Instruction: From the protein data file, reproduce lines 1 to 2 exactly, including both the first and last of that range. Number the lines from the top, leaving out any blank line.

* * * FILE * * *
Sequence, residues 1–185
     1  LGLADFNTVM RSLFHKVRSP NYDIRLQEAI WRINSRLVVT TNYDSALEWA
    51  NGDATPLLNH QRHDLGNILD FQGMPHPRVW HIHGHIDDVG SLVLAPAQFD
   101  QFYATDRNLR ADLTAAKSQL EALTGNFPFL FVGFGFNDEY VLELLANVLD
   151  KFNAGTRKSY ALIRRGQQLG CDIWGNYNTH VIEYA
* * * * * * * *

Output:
Sequence, residues 1–185
     1  LGLADFNTVM RSLFHKVRSP NYDIRLQEAI WRINSRLVVT TNYDSALEWA